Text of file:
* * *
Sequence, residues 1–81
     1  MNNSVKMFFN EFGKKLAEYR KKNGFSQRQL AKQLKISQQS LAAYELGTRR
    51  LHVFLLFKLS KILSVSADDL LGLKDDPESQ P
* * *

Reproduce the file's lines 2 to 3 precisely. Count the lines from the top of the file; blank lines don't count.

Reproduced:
     1  MNNSVKMFFN EFGKKLAEYR KKNGFSQRQL AKQLKISQQS LAAYELGTRR
    51  LHVFLLFKLS KILSVSADDL LGLKDDPESQ P